Japan is practically a cherry blossom country and people from around the world look forward to visiting when these trees are in full bloom. This trail to the mountain slopes of Nara Prefecture is the country’s most famous cherry blossom spot showcasing 30,000 cherry trees forming a mantle along the mountain sides. You can walk follow the trails around the slopes and enjoy the falling petals and the crisp mountain breeze.

Kibune and Kurama, Kyoto

Situated in the mountainous parts of rural Kyoto, Kurama and Kibune are home to some of the ancient shrines in the country. It only takes a day to explore but you’ll certainly enjoy the quaintness and mystery of the mountains and secluded trails as you traverse down off beaten paths. After a long hike around the sacred shrines and trails, you may want to take a dip in the tepid waters of the Kurama Onsen that draws its water from Mount Kurama.

Mount Kōya

This mountain is the world headquarters of a sect of Japanese Buddhism known as Kōyasan Shingon founded by Kūkai or revered posthumously as Kōbō-Daishi. There’s a university for religious studies and 120 temples with some of them offering lodging to pilgrims who visit. Other famous sites include the Okunoin where the mausoleum of the monk who founded the sect is located, Danjogaran where the important infrastructures are, Kongōbu-ji, the head temple, Kōyasan chōishi-michi or the trail that leads up the mountain. This is one of the UNESCO Heritage sites that is a part of the “Sacred Sites and Pilgrimage Routes in the Kii Mountain Range”.

Mount Hiei

If you’re a fan of the Corvette then you are familiar with Hiei, which was commissioned for the Imperial Japanese Navy in the 19th century. That car was named after this mountain that was also famous for the siege led by Oda Nobunaga who razed the temple complex of the Tendai monks. The edifice was restored and is still the home of these monks that are known as the marathon monks who walk for 1000 days in the course of seven years to attain enlightenment. The same distance as walking around the earth. Hikers go up the trails to visit the different attractions especially the temple complex, Enryaku-ji.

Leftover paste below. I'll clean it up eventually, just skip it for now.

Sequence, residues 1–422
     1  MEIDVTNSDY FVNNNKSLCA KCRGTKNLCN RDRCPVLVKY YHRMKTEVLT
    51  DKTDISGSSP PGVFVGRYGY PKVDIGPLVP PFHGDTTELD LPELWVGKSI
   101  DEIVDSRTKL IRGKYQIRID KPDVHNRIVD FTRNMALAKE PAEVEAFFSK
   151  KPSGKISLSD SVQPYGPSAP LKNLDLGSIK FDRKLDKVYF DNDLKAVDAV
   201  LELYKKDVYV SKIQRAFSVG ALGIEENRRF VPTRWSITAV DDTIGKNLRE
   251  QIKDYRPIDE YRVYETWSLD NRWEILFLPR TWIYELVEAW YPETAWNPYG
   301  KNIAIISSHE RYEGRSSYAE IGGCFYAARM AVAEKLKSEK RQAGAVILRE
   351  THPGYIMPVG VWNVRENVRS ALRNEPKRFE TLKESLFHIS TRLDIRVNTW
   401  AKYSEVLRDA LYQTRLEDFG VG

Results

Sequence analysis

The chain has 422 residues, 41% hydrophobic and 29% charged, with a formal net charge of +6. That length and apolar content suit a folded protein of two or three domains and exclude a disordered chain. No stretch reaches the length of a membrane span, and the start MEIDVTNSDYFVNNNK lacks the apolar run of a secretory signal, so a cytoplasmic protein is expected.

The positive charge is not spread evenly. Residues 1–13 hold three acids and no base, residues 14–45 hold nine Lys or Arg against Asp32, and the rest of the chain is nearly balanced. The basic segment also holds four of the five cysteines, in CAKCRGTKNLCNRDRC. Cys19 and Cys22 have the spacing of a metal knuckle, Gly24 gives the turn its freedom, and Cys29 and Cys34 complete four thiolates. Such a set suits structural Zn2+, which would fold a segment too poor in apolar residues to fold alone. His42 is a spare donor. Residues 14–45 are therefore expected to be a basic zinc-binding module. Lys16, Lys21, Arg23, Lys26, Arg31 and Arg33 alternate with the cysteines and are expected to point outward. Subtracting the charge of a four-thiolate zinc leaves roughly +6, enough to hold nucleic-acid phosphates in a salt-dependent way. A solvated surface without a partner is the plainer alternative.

Yamanobe-no-michi Trail

The country is rich in history, culture and religious faith so it is proper to mention at least one of the attractions where it possibly began thousands of years ago. According to the earliest stages of Japan’s recorded history, this trail is Japan’s oldest road. You’ll also be led to the O-miwa Jinja, Japan’s oldest shrine, that dates back to the reign of the first emperor Jimmu who ruled from 660 B.C. to 585 B.C. There is no deity enshrined in this temple because the entire mountain Mt. Miwa is the object of worship.

The historical relevance that lies on top of the mountains, between the valleys, and along the mountainsides helps you appreciate what nature is protecting and what religion is either worshiping or nurturing. It’s always amazing to experience the mystery, drama and nostalgia that is hidden in these works of art.

By Alpsdake (Own work) [CC BY-SA 4.0], via Wikimedia Commons

About the author

Justin Hanus editor